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Rabbi Adin Even-Israel Steinsaltz 1937-2020

Rabbi Adin Steinsaltz changed his family name to Even-Israel at the suggestion of the Lubavitcher Rebbe Menachem Mendel Schneerson, but kept the name Steinsaltz for all his publications.

Rabbi Steinsaltz was a teacher, philosopher, social critic, and prolific writer. He published over 300 titles. His lifelong work in Jewish education earned him the Israel Prize, the country's highest honor.

Rabbi Steinsaltz was internationally regarded as one of the greatest rabbis of the last two centuries. He was the first person since the medieval sage Rashi to have completed a full translation of and commentary on the Babylonian Talmud, and of the Bible (Tanakh). In 1965, at the age of 27, he began this monumental translation of the Talmud; its completion was commemorated in 2010 by the inaugural Global Day of Jewish Learning, which has since become an annual international event in over 40 countries. The landmark commentary on the entire Bible, from the Five Books of Moses through the Prophets and the Writings, was published in a new English-Hebrew edition in 2018.

I met Rabbi Steinsaltz for the first time in Hong Kong, where I was living as an expat for Motorola Israel. He was invited every year by the Hong Kong Jewish Community as a Scholar-in-Residence in order to support his work. This was the only way the wealthy community could make contributions to people they wanted to support, since according to their own by-laws they were not allowed to spend money outside of Hong Kong. Rabbi Steinsaltz always came accompanied by his right-hand man, Thomas Nisell, a student of mine when I was a youth leader in the religious Zionist youth movement Bnei Akiva in Scandinavia. I wrote about how Steinsaltz' Commentary on Pirkei Avot, the Ethics of the Fathers, was envisaged and became available only in Chinese, in the ESRA magazine December 2016 issue (Pirkei Avot and the Chinese Connection),

The Rabbi, Thomas and I also met socially each time they visited Hong Kong. I was always impressed by how Rabbi Steinsaltz had such vast knowledge about many different subjects unrelated to Talmud: philosophy, history, other religions, physics, chemistry, and even politics. As befits a Chabad follower, he never said no to a lechaim or a schnapps. He was always strict about being independent and was never afraid to speak his mind even against those who supported him if there was a disagreement. I remember one particular speech where he told the local Jewish community in Hong Kong at the Ohel Leah Synagogue that they shouldn't be dazzled by their abundance of money but come on Aliyah to Eretz Yisrael. The community leaders accepted this scolding and still invited him back in the following years. When the local Chabad rabbi invited him to speak on a Shabbat afternoon at the downtown Chabad synagogue located at the 5-star Furama hotel and thanked him for making the special effort, he replied: "If you would had thanked me for making the effort of going up the hill, I would have understood, but coming downhill was no effort at all!"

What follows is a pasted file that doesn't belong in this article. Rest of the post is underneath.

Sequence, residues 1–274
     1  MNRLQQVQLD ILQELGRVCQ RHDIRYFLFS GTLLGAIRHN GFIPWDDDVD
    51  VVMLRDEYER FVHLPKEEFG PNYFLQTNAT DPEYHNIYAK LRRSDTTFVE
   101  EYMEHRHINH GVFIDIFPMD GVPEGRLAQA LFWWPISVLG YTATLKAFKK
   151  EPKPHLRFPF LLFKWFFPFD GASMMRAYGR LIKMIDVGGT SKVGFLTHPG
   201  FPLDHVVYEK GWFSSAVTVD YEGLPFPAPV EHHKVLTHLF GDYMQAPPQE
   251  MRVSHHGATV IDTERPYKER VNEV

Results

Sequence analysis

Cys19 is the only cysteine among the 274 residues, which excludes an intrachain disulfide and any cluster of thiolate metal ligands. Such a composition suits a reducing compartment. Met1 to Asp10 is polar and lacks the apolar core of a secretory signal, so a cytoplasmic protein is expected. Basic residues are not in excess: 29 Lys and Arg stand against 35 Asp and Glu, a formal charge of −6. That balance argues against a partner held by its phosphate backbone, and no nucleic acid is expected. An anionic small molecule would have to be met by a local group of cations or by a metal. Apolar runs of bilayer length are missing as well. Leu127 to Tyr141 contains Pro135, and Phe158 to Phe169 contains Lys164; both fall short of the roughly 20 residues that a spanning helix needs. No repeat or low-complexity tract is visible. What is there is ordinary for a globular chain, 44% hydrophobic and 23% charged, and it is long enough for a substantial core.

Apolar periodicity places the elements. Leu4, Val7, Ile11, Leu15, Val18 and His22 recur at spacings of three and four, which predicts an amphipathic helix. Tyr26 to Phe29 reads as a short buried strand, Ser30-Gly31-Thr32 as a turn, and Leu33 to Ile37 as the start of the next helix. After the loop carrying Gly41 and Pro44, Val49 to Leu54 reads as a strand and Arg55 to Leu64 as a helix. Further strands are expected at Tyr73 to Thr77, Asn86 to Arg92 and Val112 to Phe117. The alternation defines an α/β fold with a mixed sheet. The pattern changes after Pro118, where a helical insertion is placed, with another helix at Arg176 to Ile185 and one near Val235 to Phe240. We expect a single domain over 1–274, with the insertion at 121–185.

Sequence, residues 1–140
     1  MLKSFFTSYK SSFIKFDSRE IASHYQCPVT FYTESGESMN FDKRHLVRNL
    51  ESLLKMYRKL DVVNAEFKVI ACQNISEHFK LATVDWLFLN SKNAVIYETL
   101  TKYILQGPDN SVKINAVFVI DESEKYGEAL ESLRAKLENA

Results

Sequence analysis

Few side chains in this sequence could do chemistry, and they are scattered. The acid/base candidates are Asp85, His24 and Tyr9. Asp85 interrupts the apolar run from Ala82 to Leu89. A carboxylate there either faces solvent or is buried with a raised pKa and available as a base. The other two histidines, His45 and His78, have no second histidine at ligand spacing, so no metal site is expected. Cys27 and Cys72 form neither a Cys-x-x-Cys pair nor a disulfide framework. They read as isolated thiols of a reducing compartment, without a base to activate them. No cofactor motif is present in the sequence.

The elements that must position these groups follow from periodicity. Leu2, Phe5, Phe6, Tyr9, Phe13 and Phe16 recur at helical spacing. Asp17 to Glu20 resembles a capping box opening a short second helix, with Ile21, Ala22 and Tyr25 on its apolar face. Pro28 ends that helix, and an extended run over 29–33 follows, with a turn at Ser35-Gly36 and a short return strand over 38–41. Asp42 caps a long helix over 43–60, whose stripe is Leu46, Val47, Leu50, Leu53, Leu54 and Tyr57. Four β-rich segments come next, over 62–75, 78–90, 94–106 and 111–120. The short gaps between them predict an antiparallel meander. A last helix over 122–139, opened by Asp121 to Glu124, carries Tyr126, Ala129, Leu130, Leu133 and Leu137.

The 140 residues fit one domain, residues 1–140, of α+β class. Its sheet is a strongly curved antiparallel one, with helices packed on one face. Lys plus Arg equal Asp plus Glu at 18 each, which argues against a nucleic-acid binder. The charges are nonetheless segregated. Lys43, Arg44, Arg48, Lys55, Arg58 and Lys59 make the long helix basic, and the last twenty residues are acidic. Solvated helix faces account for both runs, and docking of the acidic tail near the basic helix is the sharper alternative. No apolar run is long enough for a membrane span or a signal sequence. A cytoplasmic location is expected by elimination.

Born in Jerusalem in 1937 to secular parents, Rabbi Steinsaltz studied physics and chemistry at the Hebrew University. He established several experimental schools and, at the age of 24, became Israel's youngest school principal.

Continuing his work as a teacher and spiritual mentor, Rabbi Steinsaltz established a network of schools and educational institutions in Israel and the former Soviet Union. He served as scholar in residence at the Woodrow Wilson Center for International Studies in Washington, D.C. and the Institute for Advanced Studies at Princeton University. His honorary degrees include doctorates from Yeshiva University, Ben Gurion University of the Negev, Bar Ilan University, Brandeis University, and Florida International University.

Rabbi Lord Jonathan Sacks, the former Chief Rabbi of the United Kingdom, at a dinner celebrating his 80th birthday, said of the Rav: "He was trained as a scientist but has the soul of a poet. He was brought up by very secular parents. Adin told me that his parents insisted that he learn gemara because they wanted him to be an apicorus (heretic), not an amaretz (ignoramus)…With his creative genius he has taken the most complex texts and turned them into the most simple messages." He quoted the pasuk in Isaiah, "Vekol baneich limudi Hashem" —"And all your children shall learn of God"— and noted how there have been attempts in the world to create egalitarianism in wealth and in power, and they have failed, but that Rav Steinsaltz has "dedicated his life to creating something egalitarian by opening the doors of study to everyone."

One of the examples of Rabbi Steinsaltz' talent for poetry is the poem he recited at a hesped (obituary) in 2001 for a 29-year old woman named Adi Dermer {neé Blumberg}. She was married to Ron Dermer, the Israeli ambassador to Washington and an artist. Rabbi Steinsaltz delivered the hesped and based on its poetic text, Hanan Yuval, the famous singer, wrote the lyrics and composed the song which now has become very popular, Hayafe veHakadosh (The Beauty and the Holy). This little-known fact is not found on any website that I know of, but I heard it from Hanan Yuval himself during one of his performances in Raanana. In Adi's memory, her family established the Keren Adi (The Adi Foundation) for promoting the arts.

Rabbi Steinsaltz passed away in August 2020. He is survived by his wife Sara and their three children and is mourned by many. Numerous students of the Talmud and the Bible owe their knowledge to him. He will forever be remembered as a giant in the Jewish world. May we all be comforted among the mourners of Zion and Jerusalem.


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